Top insurance brokers, No. 6: BB&T Insurance Holdings Inc.Posted On: Jul. 1, 2019 12:00 AM CST
2018 brokerage revenue: $2.02B
Percent increase (decrease): 5.1%
A major merger involving its banking parent could provide new growth opportunities for BB&T Insurance Holdings Inc. as it accesses a swathe of potential new insurance customers, the brokerage’s senior executive and analysts say.
The potential new business to be derived from the merger between BB&T Corp. and SunTrust Banks Inc., which is due to close later this year, will be in addition to already robust organic growth reported by the brokerage.
BB&T Insurance moved to sixth position in Business Insurance’s 2019 ranking of the world's largest brokers with $2.02 billion in brokerage revenue, a 5.1% increase over the prior year.
The bank-owned broker added 540 jobs in 2018 to reach 7,240 staff across 135 offices, up from 107 in 2017, according to BI data.
Once the bank merger is completed, the combined entity will be named “Truist,” and will be the sixth-largest U.S. bank holding company.
All the insurance brand names will remain, said John Howard, chairman and CEO of BB&T Insurance Holdings, with change limited to the “top of the house” when BB&T Insurance Holdings, which houses the insurance operations, becomes Truist Insurance Holdings.
Retail brokerage operations continue under the McGriff Insurance Services brand, which was introduced following the acquisition of Regions Insurance last year.
“SunTrust does not have a comparable insurance business, so we see this as being a really attractive opportunity for our insurance business,” Mr. Howard said.
The combination could increase cross-selling opportunities for the insurance brokerage operations, said Brian Klock, managing director for Keefe, Bruyette & Woods Inc. in Boston, extending insurance sales to the integrated SunTrust customer base.
“The organic growth in their insurance business is going to be focused on how they can first integrate both companies and then can they cross-sell to some of it,” he said.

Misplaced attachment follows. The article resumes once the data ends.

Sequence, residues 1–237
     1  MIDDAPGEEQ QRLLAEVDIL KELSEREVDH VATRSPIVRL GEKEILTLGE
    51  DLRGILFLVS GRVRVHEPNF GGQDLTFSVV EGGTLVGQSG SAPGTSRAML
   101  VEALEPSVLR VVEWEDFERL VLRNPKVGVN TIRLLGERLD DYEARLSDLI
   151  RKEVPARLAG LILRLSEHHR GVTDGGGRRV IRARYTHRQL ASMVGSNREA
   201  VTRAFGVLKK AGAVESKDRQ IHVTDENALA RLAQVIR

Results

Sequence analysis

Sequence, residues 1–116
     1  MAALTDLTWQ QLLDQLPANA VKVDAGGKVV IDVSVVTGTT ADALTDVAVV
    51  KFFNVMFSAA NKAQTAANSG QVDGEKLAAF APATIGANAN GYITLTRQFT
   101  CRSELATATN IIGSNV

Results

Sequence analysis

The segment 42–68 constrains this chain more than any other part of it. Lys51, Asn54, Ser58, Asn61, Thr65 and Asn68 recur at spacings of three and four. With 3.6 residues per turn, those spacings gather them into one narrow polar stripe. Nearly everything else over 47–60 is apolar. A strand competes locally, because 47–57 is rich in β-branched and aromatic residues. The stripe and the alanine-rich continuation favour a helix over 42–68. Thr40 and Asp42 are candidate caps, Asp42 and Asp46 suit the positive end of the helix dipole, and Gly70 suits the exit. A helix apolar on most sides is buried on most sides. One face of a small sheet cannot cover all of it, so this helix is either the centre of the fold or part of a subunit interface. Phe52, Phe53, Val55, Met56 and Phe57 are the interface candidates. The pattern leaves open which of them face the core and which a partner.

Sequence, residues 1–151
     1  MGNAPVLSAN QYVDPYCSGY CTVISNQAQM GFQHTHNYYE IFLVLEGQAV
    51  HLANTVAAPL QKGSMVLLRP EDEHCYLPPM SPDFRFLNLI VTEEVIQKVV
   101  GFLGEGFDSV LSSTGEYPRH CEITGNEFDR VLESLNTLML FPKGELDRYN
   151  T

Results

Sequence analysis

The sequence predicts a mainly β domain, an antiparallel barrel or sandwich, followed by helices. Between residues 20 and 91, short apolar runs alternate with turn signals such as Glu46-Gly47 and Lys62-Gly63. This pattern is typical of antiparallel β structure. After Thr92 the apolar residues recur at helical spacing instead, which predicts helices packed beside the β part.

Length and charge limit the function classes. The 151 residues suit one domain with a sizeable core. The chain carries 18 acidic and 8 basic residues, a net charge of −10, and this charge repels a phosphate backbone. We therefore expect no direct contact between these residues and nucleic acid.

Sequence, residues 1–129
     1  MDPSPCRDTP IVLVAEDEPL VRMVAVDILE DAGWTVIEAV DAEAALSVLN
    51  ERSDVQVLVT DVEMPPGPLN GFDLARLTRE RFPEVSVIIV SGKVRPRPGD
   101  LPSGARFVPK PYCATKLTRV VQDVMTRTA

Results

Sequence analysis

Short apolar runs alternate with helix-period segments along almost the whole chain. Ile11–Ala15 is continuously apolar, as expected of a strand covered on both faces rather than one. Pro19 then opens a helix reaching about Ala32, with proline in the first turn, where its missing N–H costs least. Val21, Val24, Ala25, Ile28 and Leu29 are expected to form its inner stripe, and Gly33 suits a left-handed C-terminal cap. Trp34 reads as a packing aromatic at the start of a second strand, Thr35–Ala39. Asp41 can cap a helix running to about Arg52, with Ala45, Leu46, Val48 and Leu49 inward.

Mr. Klock notes that insurance brokerage makes up 23% of pro forma fee business of $8 billion for the combined entity, which is roughly equivalent to BB&T’s 2018 insurance revenue.
After 6% organic growth during 2018, BB&T Insurance Holdings improved to 6.7% organic growth during the first quarter of 2019, Mr. Howard said.
Market conditions are “more challenging (for buyers) this year than they were last year,” Mr. Howard said, and rising rates are reflected in the broker’s organic growth.
“Their peer group, by our standards, organic growth was about 4.4%,” for 2018, said John Wepler, chairman and CEO of Marsh, Berry & Co. Inc., a Woodmere, Ohio-based merger and acquisition advisory and consulting firm to the insurance sector.
The acquisition of Regions Insurance Group Inc. in April 2018 added $46 million in revenue to the insurance operations, Mr. Klock said, accounting for some of the unit’s overall growth from roughly 16% of revenues previously.
Regions also expanded BB&T geographically, Mr. Howard said, giving the brokerage a presence in Arkansas, Louisiana, and Indiana. The Regions integration is complete, he said. “The system conversions are complete and all of the rebranding has taken place.” Mr. Wepler said the brokerage has invested significantly in technology.
“They’re leaning into technology a lot more than most in the industry, and I think it has to do with the fact they have a strong, stable, long-term capital partner,” Mr. Wepler said. “They did not buy off-the-shelf software. They built a proprietary system that would meet their needs.”
Acquisitions should continue, according to Mr. Wepler. “They’re acquisitive, but they’re not just rolling up $5 million and $10 million shops. They’re looking at finding those firms with a strategic fit.”
Mr. Klock said there is a decreasing supply of bank-owned insurance brokerages to serve as potential further acquisition candidates for BB&T.
“Our focus isn’t only on bank-owned insurance businesses,” Mr. Howard said, adding that BB&T has acquired brokerage businesses from “a variety of forms of ownership.”
“BB&T has been in the insurance business for many, many years,” Mr. Wepler said. “It’s been core to their business model since the beginning, they believe in it and it’s part of their culture.”
“We’ve more than doubled the size of BB&T’s insurance business in the past seven years, and with the upcoming merger of equals, will provide us with even greater growth opportunities in the future,” Mr. Howard said.